Several international media outlets have praised female politicians for their leadership in curbing the coronavirus. But when this is done at the risk of promoting gender essentialism, there is cause for concern regarding how these opinions might implicate the larger goal of equality.
Throughout the COVID-19 pandemic, effective leadership has been at the crux of discourse in various circles. From concerns surrounding the rocketing death tolls in Italy, to compliments directed towards Taiwan for its centralised response to curbing the virus, many commentaries produced by media outlets have analysed the efficacy of governments worldwide. Within this, the question of why some countries have handled the pandemic more effectively than others has also arisen.
Amongst these discussions, one of the factors that has been identified for the efficacious handling of the crisis has been the leadership of those in governance. More specifically, several articles published in the likes of The Guardian and The Conversation have attributed the success of curbing the spread of the virus to female leadership.
Undoubtedly, the presence of female leadership is always welcomed in any sector of society, especially since the majority of societies around the world have faced a dearth of women in leadership roles. According to the UN, only about 1 in 4 seats were held by women in national parliaments as of February 2019. This has invariably prompted concerns regarding a lack of both equal and equitable representation.
…a fine line needs to be drawn between attributing the effectiveness of female leaders mainly to characteristics that are often already perceived to be “feminine”, versus making mention of these traits as just one of the spectrum of factors that have contributed to their success.
Males dominance of the political sphere is problematic on several accounts — given that most societies are split grosso modo fifty-fifty between genders, true representation requires a more equalised division of representatives than the status quo. Beyond this, a lack of female representation in government precludes greater diversity of opinion in discussions concerning the populace while simultaneously perpetuating pre-existing biases that women are less competent than their male counterparts. These are just a few of the repercussions of a lack of gender equality in political leadership, which might explain why many have made it a point to commend female leaders like President of Taiwan Tsai Ing-Wen and Prime Minister of Iceland Katrín Jakobsdóttir for their competence in guiding their respective societies amidst the COVID-19 pandemic.
Yet while the publicity of these politicians has cultivated favourable outcomes such as providing greater visibility of women in power and stressing the need for female leadership, it has also brought consequences that could potentially undermine the very cause of gender parity. In a Forbes article titled “What Do Countries With The Best Coronavirus Responses Have In Common? Women Leaders”, writer Avivah Wittenberg-Cox alluded to the idea that female leaders have been more effective in their response towards the crisis because they have communicated “empathy and care”.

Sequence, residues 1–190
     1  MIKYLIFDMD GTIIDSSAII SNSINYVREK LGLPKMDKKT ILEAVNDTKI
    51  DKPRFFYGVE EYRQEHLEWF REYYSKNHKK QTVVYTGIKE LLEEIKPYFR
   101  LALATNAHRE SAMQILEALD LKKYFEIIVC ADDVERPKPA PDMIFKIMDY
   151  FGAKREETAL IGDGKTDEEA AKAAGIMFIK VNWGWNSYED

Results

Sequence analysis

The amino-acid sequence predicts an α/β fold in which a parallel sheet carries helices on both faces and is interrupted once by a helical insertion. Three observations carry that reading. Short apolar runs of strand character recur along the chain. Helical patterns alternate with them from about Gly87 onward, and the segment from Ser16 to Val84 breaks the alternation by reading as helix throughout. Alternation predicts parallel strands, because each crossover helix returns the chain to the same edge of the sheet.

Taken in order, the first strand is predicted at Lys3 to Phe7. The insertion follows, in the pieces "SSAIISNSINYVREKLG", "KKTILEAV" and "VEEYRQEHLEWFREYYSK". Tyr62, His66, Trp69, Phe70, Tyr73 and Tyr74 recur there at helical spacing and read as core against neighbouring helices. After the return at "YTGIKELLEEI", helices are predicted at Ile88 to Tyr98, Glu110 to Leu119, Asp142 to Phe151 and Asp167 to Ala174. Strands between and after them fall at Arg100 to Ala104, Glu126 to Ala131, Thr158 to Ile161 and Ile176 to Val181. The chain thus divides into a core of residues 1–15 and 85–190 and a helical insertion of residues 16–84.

In fact, Wittenberg-Cox contended that watching these leaders in the media is equivalent to feeling like “their arms are coming out of their videos to hold you close in a heart-felt and loving embrace”. The author also raised the example of more empathetic and personable leadership through an account of an initiative by Prime Minister Erna Solberg, who took to television to speak directly with children in Norway to allay their concerns about the coronavirus in a way that they could relate to and understand.
Yet while the publicity of these politicians has cultivated favourable outcomes such as providing greater visibility of women in power and stressing the need for female leadership, it has also brought consequences that could potentially undermine the very cause of gender parity
While statements and examples like these might appear innocuous on the surface, they could actually be rather problematic in that they essentialise female leadership. By attributing the success of female leaders to qualities that are often perceived as being “inherent” to women, these opinion pieces risk entrenching long-established ideas regarding the intrinsic limitations of gender.
While it is not uncommon to hear statements like “women are more caring and nurturing”, this does not help advance the gender parity cause. Not only do they foist expectations of such traits upon women, but they also fail to account for the fact that men in leadership can also display such qualities. This only serves to reinforce stereotypes regarding how men and women ought to behave, when in reality, these expectations are merely constructs embraced by society rather than biological differentiators that are immutable.
Rather than accrediting Prime Minister Erna Solberg’s television initiative with traits like empathy which are already viewed to be intrinsic “womanly” qualities, a different approach could perhaps entail ascribing her success to her ability to strategise and understand the best way to reach out to her intended target audience. A greater effort to raise examples of how female leaders have shown foresight and shrewdness could also be made to illustrate their competence not just as “females”, but also as “leaders” in their own right.
Ultimately, underlining positive qualities displayed by female leaders during these trying times is welcomed. But a fine line needs to be drawn between attributing the effectiveness of female leaders mainly to characteristics that are often already perceived to be “feminine”, versus making mention of these traits as just one of the spectrum of factors that have contributed to their success.